United States tennis fathers face a dramatic dilemma as they search for the right team to travel the long ROAD TO ADELAIDE

July 30, 1956
July 30, 1956

Table of Contents
July 30, 1956

Milwaukee Braves
Events & Discoveries
The Wonderful World Of Sport
The Manager
  • In the dimly lit world of boxing, the classic—and therefore most closely guarded—relationship is that between the manager and fighter. One of the few persons ever permitted to penetrate the protective shadow which conceals their everyday dealings is Robert H. Boyle. On the pages that follow, Boyle recounts his conversations with a manager and a fighter on a day climaxed by a bout. For reasons which are obvious, the names of the principals are withheld. The facts are not.

The Outdoor Week
  • Edited by Tom Lineaweaver

    Based on regular weekly dispatches from SI bureaus and special correspondents in the U.S., Canada. Mexico and overseas; and on reports from fish and game commissions of the 48 states and Alaska

Uncle Lou's Dream Boat
Sports Of The Presidents
19th Hole: The Readers Take Over
Pat On The Back

United States tennis fathers face a dramatic dilemma as they search for the right team to travel the long ROAD TO ADELAIDE

By William F. Talbert

Of the 32 nations challenging Australia for the Davis Cup this year, only five are still "alive." They are Italy (which just last week won the European Zone title from Sweden), India, Canada, Mexico and the U.S. We now are entering the showdown phase of these international eliminations, and it's been 20 years since the pressure was so heavy on our boys.

This is an article from the July 30, 1956 issue

We have a patchwork squad of veterans and untried youngsters. During the next few weeks we face an arduous period of experimentation, hard work and hope while priming for four tests, any one of which could be disastrous, leading up to the Challenge Round (see opposite page).

In the past the United States, which hasn't missed a Challenge Round since 1936, has swept through its earlier Davis Cup assignments like a ring champion bowling over setups. At times we have played our secondary men against zone rivals, preserving our big punch for the climactic matches.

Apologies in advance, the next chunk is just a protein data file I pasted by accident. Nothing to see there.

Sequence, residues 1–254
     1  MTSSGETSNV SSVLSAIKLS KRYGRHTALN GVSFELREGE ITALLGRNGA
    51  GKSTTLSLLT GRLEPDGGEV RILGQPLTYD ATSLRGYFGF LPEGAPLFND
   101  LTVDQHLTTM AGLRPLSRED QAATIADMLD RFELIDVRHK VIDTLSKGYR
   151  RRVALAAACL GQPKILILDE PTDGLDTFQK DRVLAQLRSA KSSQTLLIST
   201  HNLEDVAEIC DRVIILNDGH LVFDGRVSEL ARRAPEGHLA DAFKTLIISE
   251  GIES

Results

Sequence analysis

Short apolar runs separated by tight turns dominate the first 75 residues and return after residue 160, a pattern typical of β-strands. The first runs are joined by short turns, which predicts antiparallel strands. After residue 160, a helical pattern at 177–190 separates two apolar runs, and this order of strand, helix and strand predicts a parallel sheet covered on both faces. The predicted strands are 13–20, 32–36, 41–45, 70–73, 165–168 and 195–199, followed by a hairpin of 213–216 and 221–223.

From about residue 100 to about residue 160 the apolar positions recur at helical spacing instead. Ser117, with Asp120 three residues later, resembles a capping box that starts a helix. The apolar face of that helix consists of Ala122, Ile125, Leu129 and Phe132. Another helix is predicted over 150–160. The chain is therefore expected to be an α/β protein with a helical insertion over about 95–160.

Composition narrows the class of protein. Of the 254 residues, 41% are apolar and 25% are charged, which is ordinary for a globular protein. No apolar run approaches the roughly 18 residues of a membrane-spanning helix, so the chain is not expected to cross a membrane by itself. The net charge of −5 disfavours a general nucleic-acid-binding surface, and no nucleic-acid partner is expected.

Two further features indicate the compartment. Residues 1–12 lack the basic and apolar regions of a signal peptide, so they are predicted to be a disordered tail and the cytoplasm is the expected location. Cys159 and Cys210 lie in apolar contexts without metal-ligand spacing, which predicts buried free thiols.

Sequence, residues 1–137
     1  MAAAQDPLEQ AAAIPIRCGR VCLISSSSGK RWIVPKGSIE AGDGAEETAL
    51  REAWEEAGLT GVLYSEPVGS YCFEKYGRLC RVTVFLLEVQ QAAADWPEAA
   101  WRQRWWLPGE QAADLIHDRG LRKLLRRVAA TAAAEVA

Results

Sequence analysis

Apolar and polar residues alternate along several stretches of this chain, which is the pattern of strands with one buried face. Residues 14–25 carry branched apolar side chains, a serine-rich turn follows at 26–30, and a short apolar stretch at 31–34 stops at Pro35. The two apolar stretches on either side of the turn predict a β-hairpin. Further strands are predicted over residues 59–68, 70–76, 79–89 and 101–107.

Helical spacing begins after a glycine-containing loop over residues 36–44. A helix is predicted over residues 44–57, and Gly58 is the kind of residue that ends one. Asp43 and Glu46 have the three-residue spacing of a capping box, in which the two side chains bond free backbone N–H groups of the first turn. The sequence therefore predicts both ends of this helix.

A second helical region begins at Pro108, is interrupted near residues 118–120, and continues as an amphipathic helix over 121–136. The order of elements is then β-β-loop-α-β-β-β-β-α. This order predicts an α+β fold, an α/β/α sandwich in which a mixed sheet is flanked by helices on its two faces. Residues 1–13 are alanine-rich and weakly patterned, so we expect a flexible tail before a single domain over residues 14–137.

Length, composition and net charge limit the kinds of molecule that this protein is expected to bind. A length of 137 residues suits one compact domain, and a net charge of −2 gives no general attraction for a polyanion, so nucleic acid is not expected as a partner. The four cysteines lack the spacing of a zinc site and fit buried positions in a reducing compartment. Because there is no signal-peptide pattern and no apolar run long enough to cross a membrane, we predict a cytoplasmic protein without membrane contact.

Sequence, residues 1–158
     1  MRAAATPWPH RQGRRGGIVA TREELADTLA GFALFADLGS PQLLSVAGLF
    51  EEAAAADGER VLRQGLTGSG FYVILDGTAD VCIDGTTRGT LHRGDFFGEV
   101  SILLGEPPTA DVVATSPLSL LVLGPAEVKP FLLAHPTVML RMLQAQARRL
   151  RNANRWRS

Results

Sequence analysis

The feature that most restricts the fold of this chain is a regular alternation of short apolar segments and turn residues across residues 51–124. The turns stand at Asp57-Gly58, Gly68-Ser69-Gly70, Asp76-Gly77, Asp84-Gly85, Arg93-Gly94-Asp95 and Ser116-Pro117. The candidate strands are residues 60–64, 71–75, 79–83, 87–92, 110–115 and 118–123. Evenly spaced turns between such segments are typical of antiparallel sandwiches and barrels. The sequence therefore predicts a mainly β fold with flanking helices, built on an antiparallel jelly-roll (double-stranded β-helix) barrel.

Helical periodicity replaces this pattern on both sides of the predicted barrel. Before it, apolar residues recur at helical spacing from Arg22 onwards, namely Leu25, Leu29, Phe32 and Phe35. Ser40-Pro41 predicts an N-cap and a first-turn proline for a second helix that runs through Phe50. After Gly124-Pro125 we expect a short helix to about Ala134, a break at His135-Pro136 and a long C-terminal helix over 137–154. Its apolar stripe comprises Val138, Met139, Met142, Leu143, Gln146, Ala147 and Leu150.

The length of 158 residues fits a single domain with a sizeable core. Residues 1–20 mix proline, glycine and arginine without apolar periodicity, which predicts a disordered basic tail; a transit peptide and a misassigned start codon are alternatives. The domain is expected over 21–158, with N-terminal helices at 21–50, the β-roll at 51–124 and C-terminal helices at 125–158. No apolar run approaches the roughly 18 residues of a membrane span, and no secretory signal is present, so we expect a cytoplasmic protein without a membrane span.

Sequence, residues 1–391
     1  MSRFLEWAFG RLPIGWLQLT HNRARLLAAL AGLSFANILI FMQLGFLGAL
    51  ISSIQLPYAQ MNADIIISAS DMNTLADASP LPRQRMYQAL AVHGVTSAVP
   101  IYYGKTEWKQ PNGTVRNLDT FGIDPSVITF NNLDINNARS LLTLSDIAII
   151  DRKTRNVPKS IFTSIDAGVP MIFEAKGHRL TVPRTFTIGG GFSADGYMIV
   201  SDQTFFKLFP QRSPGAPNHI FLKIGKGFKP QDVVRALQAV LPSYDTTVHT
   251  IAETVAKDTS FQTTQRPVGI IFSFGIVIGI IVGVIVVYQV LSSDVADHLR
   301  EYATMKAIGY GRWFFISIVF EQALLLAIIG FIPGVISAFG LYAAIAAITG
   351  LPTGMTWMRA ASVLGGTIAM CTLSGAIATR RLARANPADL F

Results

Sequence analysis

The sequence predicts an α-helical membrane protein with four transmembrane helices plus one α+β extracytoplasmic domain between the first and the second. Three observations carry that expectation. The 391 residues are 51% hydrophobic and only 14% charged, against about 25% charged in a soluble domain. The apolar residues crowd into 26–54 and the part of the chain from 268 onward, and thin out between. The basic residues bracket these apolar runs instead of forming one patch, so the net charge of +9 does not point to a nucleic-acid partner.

This time we aren't in a position to take any of our rivals lightly. We can't jeopardize our chances of entering the Challenge Round, which means about $50,000 in added revenue to finance our tennis program. But we must experiment with our best combinations in an effort to find a winning formula for the big joust with the Aussies.

With no standout player, as Tony Trabert was a year ago, and no set doubles team to replace the Trabert-Seixas combination, we have problems.

The present Davis Cup squad can be divided into veterans and youngsters. Vic Seixas, 32, a Davis Cupper since 1951, heads the former, with Art Larsen, 31; Herbie Flam, 27; Gilbert Shea, 27; and Ham Richardson, 22. The rookies include: Allen Morris, 24; Whitney Reed, 22; Sam Giammalva, 21; Barry McKay, 20; Earl Baumgardner, 19; and two 18-year-olds—Ron Holmberg and Arthur Andrews.

There is strong pressure from some quarters to ditch the Old Guard completely and start building with the youngsters immediately. But this would endanger our chances of getting into the Challenge Round.

Against Canada this weekend, we go with a combination of oldsters and "kids": Richardson, Flam, Holmberg and McKay. This benches Seixas, our top dog, and Larsen, another steady veteran, but gives us a good chance to experiment without too much risk.

Canada almost certainly will use Bob Bedard, the Dominion's No. 1 player, and Don Fontana, both experienced Cup players. But I am confident we can win this test. Also we should be able to take Mexico, although Gustavo Palafox, the stormy petrel of Mexican tennis, could be troublesome if he calls off his sit-down strike against the country's tennis brass.

Palafox, who upset Seixas in an American Zone match two years ago, is at odds with the officials over expense monies.

Italy, with Nicola Pietrangeli and Giuseppe Merlo, will then be a tough nut for us to crack. If we make it, there will still be India. There's no room for complacency here, either.

Ramanathan Krishnan, India's 19-year-old phenom, has improved immeasurably during the past year. This was shown at Wimbledon where he upset Jaroslav Drobny, the old pro who won at Wimbledon in 1954. The other Indian team member, Veteran Naresh Kumar, is 28 and a sound player.

Any way you look at it, there's a hard summer ahead for the Yank Davis Cuppers—two summers, counting the one in Australia—and this is one time the U.S. Captain could use some of Casey Stengel's "hunch" powers.

They'd come in handy when we start shuffling our men around.

View this article in the original magazine

PHOTOSENIOR DAVIS CUPPER Vic Seixas is being rested for first match with Canada.PHOTOMAIN AMERICAN HOPE is for Ham Richardson to find big game like Trabert's.PHOTOLEFT-HANDED Art Larsen is another able veteran whose top form is needed.PHOTOSPORADIC Herb Flam can emerge the winner when his soft shots are dropping in.PHOTOBROOKLYN BORN Ron Holmberg will be youngest hope when U.S. plays Canada.PHOTOANOTHER GAMBLE on youth is represented by College Star Barry McKay.



First Round May 1st

Second Round May 15th

Third Round June 5th

Semi Final June 19th

Final July 22nd

Zone Champions


Czechoslovakia (5-0)

Denmark (4-1)

Italy (4-1)

Italy (3-2)

Italy (5-0)




Poland (3-2)

Italy (5-0)




Ireland (4-1)

Germany (4-1)

France (4-1)




Switzerland (3-2)

France (5-0)




Spain (3-2)

Belgium (4-1)

Sweden (4-1)

Sweden (4-1)




Norway (4-1)

Sweden (5-0)




Yugoslavia (4-1)

Great Britain (5-0)

Great Britain (3-2)


Great Britain


Netherlands (5-0)

Chile (5-0)





Canada (5-0)

British West Indies

United States


Mexico (4-1)




India (5-0)

India (3-2)